2.22.2022 Twos-day

Today is getting a lot of notice. It’s Tuesday on February 22, 2022 OR Two’s-day on 2.22.2022. Pretty cool, and possibly magical.

So, I may be late to the game, but Glennon Doyle is just my favorite right now, and I love her and Abby together. And I’m listening to the podcast, We Can Do Hard Things, every chance I get. There’s so much real, and nothing fake there. I read Love Warrior last month. I read Forward by Abby Wambach. I just finished Carry On, Warrior last week. And I’m planning to read Untamed in a couple of weeks or days. I love them. I had briefly followed Glennon Doyle years ago when she was first writing Momastery.com, but things got distracting and busy, and I didn’t keep up with things. So, I knew who she was vaguely. And just in the last couple of months, I heard about Untamed, and started to follow along on Instagram and see what Glennon was writing about nowadays. Oh my. So much good there.  

Back to Carry On, Warrior:  I have to say this one section made me pause and reread it like five times. I even got a highlighter out and highlighted it. I’m going to share this little section here from the book. In the chapter called On Writing and Dancing, Glennon says:   

If anything in your soul. If anywhere in your soul you feel the desire to write, please write. Right as a gift to yourself and others. Everyone has a story to tell. Writing is not about creating tiny paragraphs that sound lovely or choosing the right words. It’s just about noticing who you are and noticing life. Sharing what you notice. When you write in your truth. It is a love offering to the world because it helps us feel braver and less alone. And if you are really, really bad writer, then maybe it. Might be most important for you to write because you’re writing. Might free other really, really bad writers to have a go at it anyway. Kind of like how watching sisters confusing, lurching on the dance floor finally got me out of my seat at my cousin’s wedding. Because I thought, Well if she’s allowed to keep dancing, Certainly no one is going to call me out. If you feel something calling you to dance or write or paint or sing, please refuse to worry about whether you’re good enough. Just do it. Be generous. Offer a gift to the world that no one else can offer: yourself. Reading those words made me tear up and realize that I do notice things and I want to share that. With the world, with somebody, maybe with nobody. Maybe I’m the only person that thinks that way. But I need to put it out there.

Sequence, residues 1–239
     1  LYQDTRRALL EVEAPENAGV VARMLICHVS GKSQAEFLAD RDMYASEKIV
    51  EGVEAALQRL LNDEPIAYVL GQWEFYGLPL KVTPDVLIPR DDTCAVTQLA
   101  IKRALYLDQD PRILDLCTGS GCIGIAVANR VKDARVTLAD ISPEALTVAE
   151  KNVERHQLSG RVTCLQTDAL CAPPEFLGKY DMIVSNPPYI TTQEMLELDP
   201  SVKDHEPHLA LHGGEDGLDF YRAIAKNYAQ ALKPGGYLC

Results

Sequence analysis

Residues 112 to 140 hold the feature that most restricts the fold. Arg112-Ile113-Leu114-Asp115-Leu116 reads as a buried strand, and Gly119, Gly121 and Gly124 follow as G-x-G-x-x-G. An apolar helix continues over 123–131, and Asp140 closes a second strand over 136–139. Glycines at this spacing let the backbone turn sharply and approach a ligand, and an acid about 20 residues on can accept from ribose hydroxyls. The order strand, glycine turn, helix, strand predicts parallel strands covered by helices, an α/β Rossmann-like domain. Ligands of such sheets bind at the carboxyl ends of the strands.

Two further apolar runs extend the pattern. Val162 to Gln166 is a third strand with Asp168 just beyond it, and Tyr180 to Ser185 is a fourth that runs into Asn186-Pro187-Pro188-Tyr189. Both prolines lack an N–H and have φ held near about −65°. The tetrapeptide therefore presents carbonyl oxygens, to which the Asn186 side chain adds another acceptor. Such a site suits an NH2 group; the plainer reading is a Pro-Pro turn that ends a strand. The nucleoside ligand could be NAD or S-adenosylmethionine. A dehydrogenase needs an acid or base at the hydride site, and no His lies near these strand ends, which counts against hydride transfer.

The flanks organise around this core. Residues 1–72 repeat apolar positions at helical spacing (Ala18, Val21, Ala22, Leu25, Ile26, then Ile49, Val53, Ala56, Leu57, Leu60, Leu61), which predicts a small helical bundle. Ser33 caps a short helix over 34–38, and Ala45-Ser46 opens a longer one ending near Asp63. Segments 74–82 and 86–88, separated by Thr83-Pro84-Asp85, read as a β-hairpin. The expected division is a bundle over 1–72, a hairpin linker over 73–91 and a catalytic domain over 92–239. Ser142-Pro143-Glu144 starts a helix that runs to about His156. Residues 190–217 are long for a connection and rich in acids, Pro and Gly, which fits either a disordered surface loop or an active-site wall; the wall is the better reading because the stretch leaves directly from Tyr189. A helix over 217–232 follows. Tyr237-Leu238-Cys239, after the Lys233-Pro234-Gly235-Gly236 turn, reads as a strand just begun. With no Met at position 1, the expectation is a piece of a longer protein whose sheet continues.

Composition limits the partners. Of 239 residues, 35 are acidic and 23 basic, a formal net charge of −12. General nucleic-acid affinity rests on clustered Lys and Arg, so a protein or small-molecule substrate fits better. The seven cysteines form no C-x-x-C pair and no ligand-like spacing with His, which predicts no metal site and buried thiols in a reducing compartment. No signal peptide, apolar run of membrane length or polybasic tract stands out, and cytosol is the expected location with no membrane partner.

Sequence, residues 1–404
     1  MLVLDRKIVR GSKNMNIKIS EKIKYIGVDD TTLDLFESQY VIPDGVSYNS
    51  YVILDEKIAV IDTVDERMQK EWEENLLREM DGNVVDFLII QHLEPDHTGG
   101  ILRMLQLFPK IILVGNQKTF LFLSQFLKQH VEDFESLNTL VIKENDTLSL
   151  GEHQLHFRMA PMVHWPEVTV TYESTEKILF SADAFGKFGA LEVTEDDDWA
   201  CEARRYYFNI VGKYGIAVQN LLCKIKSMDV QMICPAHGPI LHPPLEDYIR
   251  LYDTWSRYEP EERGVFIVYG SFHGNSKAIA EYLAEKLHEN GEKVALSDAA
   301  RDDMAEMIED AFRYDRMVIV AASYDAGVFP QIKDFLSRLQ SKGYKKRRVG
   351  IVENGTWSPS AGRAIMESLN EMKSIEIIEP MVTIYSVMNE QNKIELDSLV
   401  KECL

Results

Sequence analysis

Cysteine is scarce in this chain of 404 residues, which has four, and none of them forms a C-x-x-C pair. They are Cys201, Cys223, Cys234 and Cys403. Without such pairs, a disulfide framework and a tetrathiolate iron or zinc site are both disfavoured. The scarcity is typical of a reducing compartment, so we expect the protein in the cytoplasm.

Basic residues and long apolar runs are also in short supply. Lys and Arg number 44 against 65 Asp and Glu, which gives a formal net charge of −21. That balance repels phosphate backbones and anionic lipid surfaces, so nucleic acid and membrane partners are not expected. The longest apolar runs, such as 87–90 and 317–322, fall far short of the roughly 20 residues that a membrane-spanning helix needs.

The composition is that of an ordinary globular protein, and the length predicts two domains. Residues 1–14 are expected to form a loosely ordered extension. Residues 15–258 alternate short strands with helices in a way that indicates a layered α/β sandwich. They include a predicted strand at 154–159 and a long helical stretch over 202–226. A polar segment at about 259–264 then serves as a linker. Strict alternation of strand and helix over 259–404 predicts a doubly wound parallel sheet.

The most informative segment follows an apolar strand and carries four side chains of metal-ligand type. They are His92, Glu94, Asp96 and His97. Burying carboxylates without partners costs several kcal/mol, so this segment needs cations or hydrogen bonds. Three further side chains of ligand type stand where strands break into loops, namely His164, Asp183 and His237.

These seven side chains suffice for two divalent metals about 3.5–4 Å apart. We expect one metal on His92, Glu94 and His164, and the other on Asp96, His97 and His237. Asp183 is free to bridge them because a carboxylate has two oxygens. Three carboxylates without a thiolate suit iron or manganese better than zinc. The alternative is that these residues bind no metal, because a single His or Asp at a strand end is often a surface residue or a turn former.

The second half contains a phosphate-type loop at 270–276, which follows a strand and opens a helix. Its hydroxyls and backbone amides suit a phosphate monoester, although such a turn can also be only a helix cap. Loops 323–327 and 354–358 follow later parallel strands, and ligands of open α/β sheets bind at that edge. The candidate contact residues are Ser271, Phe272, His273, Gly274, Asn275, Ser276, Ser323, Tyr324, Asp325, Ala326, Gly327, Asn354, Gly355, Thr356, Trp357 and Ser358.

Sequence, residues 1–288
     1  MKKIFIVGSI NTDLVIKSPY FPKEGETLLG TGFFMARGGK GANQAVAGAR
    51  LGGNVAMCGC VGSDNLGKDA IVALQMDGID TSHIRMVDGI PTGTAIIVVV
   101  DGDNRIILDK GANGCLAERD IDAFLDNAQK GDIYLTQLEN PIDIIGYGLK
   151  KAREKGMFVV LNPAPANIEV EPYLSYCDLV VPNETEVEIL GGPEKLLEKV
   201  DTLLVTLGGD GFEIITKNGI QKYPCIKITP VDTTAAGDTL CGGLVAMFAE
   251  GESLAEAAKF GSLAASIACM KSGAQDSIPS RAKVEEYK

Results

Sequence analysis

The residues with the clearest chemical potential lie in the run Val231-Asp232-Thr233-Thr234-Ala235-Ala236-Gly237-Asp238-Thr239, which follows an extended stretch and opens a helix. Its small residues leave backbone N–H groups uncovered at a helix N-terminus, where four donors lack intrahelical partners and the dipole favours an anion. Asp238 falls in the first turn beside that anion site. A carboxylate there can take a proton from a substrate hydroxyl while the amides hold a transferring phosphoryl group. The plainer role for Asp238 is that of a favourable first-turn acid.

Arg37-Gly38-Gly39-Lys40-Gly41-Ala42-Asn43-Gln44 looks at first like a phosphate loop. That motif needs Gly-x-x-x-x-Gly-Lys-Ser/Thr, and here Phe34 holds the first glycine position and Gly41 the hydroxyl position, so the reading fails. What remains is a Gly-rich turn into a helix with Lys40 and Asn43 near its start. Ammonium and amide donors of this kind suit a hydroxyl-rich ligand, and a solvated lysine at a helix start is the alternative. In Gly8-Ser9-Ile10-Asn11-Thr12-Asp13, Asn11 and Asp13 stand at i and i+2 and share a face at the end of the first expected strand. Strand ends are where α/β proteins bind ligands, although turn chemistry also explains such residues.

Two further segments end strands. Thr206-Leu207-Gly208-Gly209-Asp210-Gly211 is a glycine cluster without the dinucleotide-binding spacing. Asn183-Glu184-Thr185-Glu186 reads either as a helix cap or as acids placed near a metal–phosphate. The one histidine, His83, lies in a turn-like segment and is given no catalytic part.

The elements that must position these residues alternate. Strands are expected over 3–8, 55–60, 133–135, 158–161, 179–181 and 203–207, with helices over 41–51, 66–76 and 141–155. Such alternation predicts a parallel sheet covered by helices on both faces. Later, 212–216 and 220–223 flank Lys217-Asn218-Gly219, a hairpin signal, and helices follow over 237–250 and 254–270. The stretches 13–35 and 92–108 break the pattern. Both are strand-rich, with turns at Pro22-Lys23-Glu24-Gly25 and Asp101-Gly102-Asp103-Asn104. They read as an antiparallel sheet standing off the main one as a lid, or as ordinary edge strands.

Glennon Doyle

Oh.My.Gosh. There is so much good in there. I am taking that as full-on permission that I can write my little blog and have my little voice in the world, and IT IS OK. So, thank you, Glennon, for encouraging me and so many others to find our little voices and write, or sing, or dance, or craft, or create, or whatever it is that we do.

And a funny little note about Momastery.com, Glennon Doyle’s website. Years ago, when I first started following it sporadically, I thought it was ‘Mom-mastery’ like ‘mastering being a Mom.’ But no! It’s really ‘Moma-stery’ like ‘monastery’ when monks live! Ha, I’m a goof. I had no idea and just did not read that part on the blog, or didn’t notice or realize what the name actually meant. 


In other reading I’ve done recently, I found this small article on bluetree’s newsletter, leafnotes, which links out to Fierce Healthcare.  

Is there a case for more medical emoji? Study looks at how clinicians use them on the job 

Who says emoji aren’t professional? The healthcare communications services company, PerfectServe, incorporated emoji to measure frustration and burnout, but ended up discovering that emoji were “overwhelmingly used to convey politeness and positive intent.” Some physicians are now pushing for a more comprehensive set of medical emoji, citing use cases such as indicating pain levels or making discharge instructions easier to understand as reasons for adding emoji into patient care.  

*this article copied/shared from leafnotes, healthcare insights from bluetree newsletter 

Can you imagine the possibilities?

A patient being able to ‘measure’ their pain levels or comfort levels or ‘where it hurts’ by an emoji, etc…  

Great for language barriers also with non-verbal patients or non-English-speaking patients…  

Maybe they already do/have that sort of thing… 

The basic idea seems similar to the posters/emojis where kids can communicate how they are feeling (more emotional and mental) and give teachers or caregivers a better idea of what’s going on when they can’t find the right words to describe it. 

Also, check out Emojipedia.org for all the emoji(s) you didn’t know existed. 

Have a good day!

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